Sermon for 3/6/16 Luke 15:1-3; 11b-32

There are so many things we could talk about today with this familiar text. Even if you aren’t the world’s greatest Biblical scholar, when someone says “the prodigal son” you have an idea of what it means. The phrase “prodigal son” has even infiltrated our world and become so common even those who aren’t Christian probably know what it means. When LeBron James returned to Cleveland after playing in Miami for a few years, it was declared that the prodigal son was returning. When Brett Favre talked about coming out of retirement, it was thought that the prodigal son would return…and then he went to Minnesota. Hollywood loves the prodigal son story and has interpreted it many times. My favorite movie is a twist on the prodigal son story by making it the prodigal daughter: the Wizard of Oz.

If you have siblings or are around children enough, perhaps you can semi-relate to this story as well. The only thing our reading is missing today is the older brother whining and saying “but! but! That’s not fair!!” In a way he kind of does, but the father pays no attention to the older son. I think we could probably all think of a time when we have been the older child, upset at what others are getting, disturbed that we’ve put in a lot of work and time and yet someone else gets a celebration. On the flip side, however, I think we can all probably also think of a time when we’ve been the younger child, receiving more than we ever thought possible, being loved beyond our imagination, and having something given to us that we hardly deserve.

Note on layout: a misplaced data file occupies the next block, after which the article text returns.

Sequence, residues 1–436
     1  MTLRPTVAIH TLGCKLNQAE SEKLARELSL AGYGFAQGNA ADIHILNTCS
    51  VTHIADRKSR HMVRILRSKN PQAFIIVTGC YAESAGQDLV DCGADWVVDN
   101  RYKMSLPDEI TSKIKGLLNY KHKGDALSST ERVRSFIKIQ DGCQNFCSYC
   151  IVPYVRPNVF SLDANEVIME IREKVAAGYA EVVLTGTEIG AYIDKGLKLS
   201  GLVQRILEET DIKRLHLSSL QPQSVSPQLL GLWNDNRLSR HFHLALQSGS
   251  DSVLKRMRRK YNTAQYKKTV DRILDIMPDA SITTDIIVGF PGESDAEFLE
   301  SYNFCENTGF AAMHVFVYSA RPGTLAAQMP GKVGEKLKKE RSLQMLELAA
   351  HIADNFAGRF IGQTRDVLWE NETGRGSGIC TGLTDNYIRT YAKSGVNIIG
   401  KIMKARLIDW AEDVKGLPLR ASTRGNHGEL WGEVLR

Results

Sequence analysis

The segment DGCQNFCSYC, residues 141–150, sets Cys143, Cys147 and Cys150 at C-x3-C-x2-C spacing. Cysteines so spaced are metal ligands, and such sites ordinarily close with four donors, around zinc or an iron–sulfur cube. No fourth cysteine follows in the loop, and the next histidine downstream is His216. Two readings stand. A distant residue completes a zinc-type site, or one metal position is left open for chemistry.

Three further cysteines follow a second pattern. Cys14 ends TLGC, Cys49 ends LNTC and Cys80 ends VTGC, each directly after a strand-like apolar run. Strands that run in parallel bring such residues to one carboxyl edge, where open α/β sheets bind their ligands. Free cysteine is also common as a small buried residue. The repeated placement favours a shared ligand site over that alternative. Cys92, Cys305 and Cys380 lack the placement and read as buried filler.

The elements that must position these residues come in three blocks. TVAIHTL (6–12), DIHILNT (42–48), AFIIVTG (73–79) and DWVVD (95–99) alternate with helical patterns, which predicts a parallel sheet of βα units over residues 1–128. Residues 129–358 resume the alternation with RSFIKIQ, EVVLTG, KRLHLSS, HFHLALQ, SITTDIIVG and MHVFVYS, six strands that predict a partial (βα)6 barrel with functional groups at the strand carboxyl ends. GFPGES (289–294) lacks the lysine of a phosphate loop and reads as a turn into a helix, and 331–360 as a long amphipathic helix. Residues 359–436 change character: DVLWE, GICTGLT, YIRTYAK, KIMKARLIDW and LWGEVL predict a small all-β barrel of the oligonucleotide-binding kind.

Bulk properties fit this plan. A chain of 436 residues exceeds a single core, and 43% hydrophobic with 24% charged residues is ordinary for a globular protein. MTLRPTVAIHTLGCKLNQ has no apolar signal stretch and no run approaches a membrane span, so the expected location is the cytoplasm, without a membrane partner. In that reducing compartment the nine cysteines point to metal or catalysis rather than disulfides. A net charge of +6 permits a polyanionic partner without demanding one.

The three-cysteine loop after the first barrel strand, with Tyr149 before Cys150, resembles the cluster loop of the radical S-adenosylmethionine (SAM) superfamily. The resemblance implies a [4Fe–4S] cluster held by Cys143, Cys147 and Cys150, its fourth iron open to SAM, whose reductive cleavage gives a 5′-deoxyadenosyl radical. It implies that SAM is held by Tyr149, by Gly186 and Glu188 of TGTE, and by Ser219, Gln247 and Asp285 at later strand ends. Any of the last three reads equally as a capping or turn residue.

I think it’s interesting how this reading starts out today. The Pharisees and the scribes were grumbling. Grumbling!! And why were they grumbling? Because Jesus welcomed sinners. Not only that, but he ate with them! (Cue crowd gasps) Boy that Jesus has some nerve. Remember the Pharisees were still looking for reasons to arrest Jesus and put him on trial. Hanging out and eating with sinners was a pretty good one. And instead of explaining himself, Jesus tells a parable. Did the Pharisees understand it? Did anyone who was gathered there understand it? Who knows? In fact, had the Pharisees understood it, it might have actually angered them further.

It would be easy for me to say that this parable is about God’s grace and just leave it at that. But, it’s never that simple, is it? I think we often talk about God’s grace (which is a good thing) but when it comes to explaining God’s grace, we stumble a bit. We go to explain grace and we usually sound something like this “well….God’s grace is…. well, you know, grace….” Grace is just one of those things that we know it when we feel it and when we experience it. I also think we can pinpoint times in our lives when we were hungry for grace, maybe we even prayed for it. But here’s the thing about God’s grace: it should heal us, it should feed us, and it should convict us. In a way, grace should really make us mad. God’s grace doesn’t work like we think it should. Grace doesn’t work like the world works. You can’t earn grace. You can’t buy grace. You certainly always get more than you ever need and more than you ever deserve. And if you take the focus away from the grace we receive, and instead think about the grace others receive, that’s where it gets really offensive.